Casio's amazing 60fps digicam

Casio's Exilim Pro EX-F1 can shoot up to an astonishing 60 frames per second at full 6 megapixel resolution, and is a surprisingly small and lightweight package given that it also has a 12x zoom.

Casio Exilim Pro EX-F1
Casio Exilim Pro EX-F1

I checked out Casio's new $1,000 Exilim Pro EX-F1 that can shoot bursts of up to an amazing 60 frames per second. That's at it's full 6 megapixel resolution. You'll never miss little Johnny's first steps again.

They've done a really nice job with the interface. The bursts are shown as stacks of photos so you're not trying to scroll through 60 almost identical images when in thumbnail mode. Once looking at a burst, you can use the big thumbwheel on the back to job back and forth. It's great. It takes a few seconds for the camera to process the burst, but it's impressively fast and responsive overall.

Personally I'd prefer a lens that started at 28mm (35mm equivalent) than 36mm, but it's amazing they've packed a 12x zoom in there at all. There's a rotating barrel on the front, but apparently it doesn't do anything right now. Ideally this would become a mechanical zoom, otherwise you're left with the usual (crummy) electronic zoom lever next to the shutter button. A camera with these aspirations deserves better.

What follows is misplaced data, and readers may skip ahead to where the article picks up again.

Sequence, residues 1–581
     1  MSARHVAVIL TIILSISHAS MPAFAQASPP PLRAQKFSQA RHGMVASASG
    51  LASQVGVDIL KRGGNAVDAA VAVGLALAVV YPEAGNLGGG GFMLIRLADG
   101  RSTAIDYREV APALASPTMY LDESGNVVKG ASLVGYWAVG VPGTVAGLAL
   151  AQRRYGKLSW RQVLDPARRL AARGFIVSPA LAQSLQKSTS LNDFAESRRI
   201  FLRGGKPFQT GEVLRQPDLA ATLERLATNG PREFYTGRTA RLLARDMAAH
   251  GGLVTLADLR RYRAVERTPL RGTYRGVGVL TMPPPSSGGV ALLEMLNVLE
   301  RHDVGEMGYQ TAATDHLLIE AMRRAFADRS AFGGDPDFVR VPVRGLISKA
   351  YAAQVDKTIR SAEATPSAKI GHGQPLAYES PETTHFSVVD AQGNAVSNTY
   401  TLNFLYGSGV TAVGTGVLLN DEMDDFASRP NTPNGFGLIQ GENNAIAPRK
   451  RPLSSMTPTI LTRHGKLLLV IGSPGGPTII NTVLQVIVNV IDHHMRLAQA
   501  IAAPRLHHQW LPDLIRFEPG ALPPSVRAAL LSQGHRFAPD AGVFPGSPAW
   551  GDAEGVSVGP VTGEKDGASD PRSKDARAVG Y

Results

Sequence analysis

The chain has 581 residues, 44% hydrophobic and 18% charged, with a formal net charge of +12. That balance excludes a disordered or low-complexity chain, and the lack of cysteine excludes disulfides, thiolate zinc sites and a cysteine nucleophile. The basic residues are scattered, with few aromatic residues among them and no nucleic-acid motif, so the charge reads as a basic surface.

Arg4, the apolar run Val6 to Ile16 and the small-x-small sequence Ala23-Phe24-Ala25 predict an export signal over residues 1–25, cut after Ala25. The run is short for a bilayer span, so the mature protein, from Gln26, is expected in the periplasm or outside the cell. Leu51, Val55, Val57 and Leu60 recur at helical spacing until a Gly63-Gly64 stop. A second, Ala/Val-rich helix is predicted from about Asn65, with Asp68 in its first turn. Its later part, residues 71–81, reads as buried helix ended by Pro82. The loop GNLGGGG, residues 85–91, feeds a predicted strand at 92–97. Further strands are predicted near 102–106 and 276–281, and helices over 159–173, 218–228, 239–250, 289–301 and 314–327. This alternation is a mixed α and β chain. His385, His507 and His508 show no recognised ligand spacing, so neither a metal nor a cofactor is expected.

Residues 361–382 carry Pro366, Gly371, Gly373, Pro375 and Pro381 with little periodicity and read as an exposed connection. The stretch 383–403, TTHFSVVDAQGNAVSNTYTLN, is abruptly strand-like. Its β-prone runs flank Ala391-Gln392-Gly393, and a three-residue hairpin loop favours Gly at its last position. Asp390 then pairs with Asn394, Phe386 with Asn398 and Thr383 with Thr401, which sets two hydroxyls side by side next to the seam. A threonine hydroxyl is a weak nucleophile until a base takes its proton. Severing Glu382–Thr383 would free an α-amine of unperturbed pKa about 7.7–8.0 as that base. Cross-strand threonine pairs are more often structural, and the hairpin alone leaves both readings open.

Weight is surprisingly light, the large battery is built into the grip for good overall balance (and the zoom doesn't extend or weigh much, so the camera is constantly pulling forward in your hands).

It remains to be seen what the absolute image quality level is, but if you're thinking about an entry level SLR to step up from a point and shoot, this is one attractive package. A bit on the pricey end, for sure, but it offers capabilities nobody else has right now.

Check here for more details.

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About the author

    Adam Richardson is the director of product strategy at frog design, where he guides strategy engagements for frog's international roster of clients, envisioning and creating new products, consumer electronics, and digital experiences. Adam combines a background in industrial design, interaction design, and sociology, and spends most of his time on convergent designs that combine hardware, software, service, brand, and retail. He writes and speaks extensively on design, business, culture, and technology, and runs his own Richardsona blog.

     

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